(Cindy) Spiegel C'82, on Friday.
by: (clockwise from top) Marion Ettlinger, Tommy Leonardi,
Tommy Leonardi, Greg Benson
Weekend programming included a reading by Jeanne Murray
Walker in the Laughing Hermit Reading Series, a non-University program
focused primarily on Philadelphia-area poets; a meeting of the Saturday
Reading Cooperative, an elementary school literacy program; and a musical
performance by the David Lavin Group; and, on Sunday, a Victorian Society-sponsored
talk by architect Harris M. Steinberg C'78 GAr'82. (Steinberg designed
a major renovation of the Writers House building, funded by a donation
from University trustee Paul Kelly C'62 WG'64, that was completed in late
1997.) For the statistically inclined, that's 12 events in seven days
-- five of them poetry-related, two career-oriented and two involving
The Alumni Writers Series straddles both the commercial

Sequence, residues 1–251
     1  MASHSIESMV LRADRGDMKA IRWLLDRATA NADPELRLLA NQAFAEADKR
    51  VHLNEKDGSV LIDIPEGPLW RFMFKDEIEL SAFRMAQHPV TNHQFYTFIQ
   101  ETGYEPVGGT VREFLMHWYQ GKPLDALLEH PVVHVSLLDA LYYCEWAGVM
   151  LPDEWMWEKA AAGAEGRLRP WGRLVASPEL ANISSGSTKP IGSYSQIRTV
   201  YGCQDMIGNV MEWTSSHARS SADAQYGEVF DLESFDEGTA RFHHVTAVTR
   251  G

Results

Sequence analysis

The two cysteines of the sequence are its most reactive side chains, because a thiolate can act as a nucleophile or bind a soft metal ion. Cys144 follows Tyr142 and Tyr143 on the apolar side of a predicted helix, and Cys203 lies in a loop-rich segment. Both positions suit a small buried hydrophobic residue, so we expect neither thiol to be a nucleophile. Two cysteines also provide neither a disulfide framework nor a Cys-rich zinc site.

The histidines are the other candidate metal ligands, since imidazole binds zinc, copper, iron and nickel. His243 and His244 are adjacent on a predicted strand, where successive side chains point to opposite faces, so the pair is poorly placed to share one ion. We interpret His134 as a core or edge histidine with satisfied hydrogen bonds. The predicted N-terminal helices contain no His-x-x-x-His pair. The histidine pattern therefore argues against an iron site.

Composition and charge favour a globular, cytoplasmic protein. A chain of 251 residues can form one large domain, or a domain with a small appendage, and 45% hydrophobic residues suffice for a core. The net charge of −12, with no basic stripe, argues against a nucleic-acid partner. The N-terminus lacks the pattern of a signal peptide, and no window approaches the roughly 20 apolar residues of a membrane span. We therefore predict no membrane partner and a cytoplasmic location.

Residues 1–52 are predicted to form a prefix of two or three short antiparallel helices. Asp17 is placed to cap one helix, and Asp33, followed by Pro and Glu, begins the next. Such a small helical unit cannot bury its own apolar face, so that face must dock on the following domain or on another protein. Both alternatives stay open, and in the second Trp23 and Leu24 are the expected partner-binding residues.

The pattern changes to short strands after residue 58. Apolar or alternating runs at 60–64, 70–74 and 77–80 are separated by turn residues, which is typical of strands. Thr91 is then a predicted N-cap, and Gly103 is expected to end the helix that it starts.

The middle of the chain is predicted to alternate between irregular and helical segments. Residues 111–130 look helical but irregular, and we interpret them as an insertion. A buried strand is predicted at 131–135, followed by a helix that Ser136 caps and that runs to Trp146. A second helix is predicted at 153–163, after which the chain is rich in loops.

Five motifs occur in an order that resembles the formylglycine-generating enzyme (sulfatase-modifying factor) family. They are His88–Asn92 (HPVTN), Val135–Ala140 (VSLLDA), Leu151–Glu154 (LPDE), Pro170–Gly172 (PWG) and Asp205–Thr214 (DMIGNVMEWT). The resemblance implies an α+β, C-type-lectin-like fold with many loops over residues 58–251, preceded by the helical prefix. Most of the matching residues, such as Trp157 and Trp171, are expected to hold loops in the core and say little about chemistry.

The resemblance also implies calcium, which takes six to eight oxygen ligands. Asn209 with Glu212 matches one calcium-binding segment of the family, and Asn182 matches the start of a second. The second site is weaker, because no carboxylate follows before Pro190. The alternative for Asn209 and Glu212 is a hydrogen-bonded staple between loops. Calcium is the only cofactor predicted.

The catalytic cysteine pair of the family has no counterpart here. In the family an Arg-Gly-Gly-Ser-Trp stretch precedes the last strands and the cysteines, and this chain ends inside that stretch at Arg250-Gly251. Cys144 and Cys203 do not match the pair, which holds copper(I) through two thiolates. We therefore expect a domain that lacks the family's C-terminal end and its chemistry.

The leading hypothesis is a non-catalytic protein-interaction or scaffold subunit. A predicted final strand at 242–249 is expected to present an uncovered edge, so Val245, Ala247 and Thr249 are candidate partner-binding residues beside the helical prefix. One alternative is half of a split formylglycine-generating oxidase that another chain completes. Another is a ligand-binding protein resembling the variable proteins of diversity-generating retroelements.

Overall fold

and artistic sides of the fence, and at times, blurs distinctions between
the two. "The [Alumni Writers] programs are so varied," says
current resident coordinator Heather Starr. "This is what's so exciting
about the series -- that it's not based on any particular genre or interest.
I don't feel that it's like other series, where there's a constant audience."
In some ways, the series' greatest strength -- this
diversity of genre -- is also its only perceptible weakness. Without a
pool of regular attendees, Alumni Writers Series presentations have occasionally
been a bit too intimate. One of the series' first visitors, Gilbert
Sandler, columnist for The Baltimore Sun and, in his Penn days,
author of a regular column for the Gazette on undergraduate
life, came to campus while the House was still closed for renovations,
and led a discussion with only a few students. Without Lennon's New Jersey-based
entourage of family and friends, his audience would have numbered fewer
than 10. Poet Betsy Andrews and performance artist Eva Mantell, both classmates
and close friends of Sherin, presented their work two Novembers ago --
to Andrews' family.
Jennifer Egan -- who, besides being Sherin's roommate
at Penn, has written the novel The Invisible Circus; Emerald
City, a short story collection; and articles in The New York Times
Magazine and other publications -- read to an undergraduate audience